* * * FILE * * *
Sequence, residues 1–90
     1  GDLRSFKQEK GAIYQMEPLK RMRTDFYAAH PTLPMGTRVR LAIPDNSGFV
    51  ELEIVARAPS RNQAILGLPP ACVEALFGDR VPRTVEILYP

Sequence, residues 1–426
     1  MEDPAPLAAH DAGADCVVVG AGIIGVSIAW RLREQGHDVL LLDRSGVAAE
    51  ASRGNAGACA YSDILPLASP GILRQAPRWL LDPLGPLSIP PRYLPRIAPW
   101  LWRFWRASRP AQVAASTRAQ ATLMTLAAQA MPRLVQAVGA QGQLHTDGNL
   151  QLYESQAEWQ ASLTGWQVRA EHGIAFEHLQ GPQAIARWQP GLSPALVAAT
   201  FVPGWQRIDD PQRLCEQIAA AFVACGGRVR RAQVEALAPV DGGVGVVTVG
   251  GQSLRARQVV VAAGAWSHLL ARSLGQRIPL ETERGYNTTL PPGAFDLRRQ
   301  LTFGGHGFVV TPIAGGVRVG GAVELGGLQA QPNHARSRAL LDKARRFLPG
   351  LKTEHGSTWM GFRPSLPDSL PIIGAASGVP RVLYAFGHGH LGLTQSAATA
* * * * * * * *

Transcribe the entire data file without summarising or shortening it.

Sequence, residues 1–90
     1  GDLRSFKQEK GAIYQMEPLK RMRTDFYAAH PTLPMGTRVR LAIPDNSGFV
    51  ELEIVARAPS RNQAILGLPP ACVEALFGDR VPRTVEILYP

Sequence, residues 1–426
     1  MEDPAPLAAH DAGADCVVVG AGIIGVSIAW RLREQGHDVL LLDRSGVAAE
    51  ASRGNAGACA YSDILPLASP GILRQAPRWL LDPLGPLSIP PRYLPRIAPW
   101  LWRFWRASRP AQVAASTRAQ ATLMTLAAQA MPRLVQAVGA QGQLHTDGNL
   151  QLYESQAEWQ ASLTGWQVRA EHGIAFEHLQ GPQAIARWQP GLSPALVAAT
   201  FVPGWQRIDD PQRLCEQIAA AFVACGGRVR RAQVEALAPV DGGVGVVTVG
   251  GQSLRARQVV VAAGAWSHLL ARSLGQRIPL ETERGYNTTL PPGAFDLRRQ
   301  LTFGGHGFVV TPIAGGVRVG GAVELGGLQA QPNHARSRAL LDKARRFLPG
   351  LKTEHGSTWM GFRPSLPDSL PIIGAASGVP RVLYAFGHGH LGLTQSAATA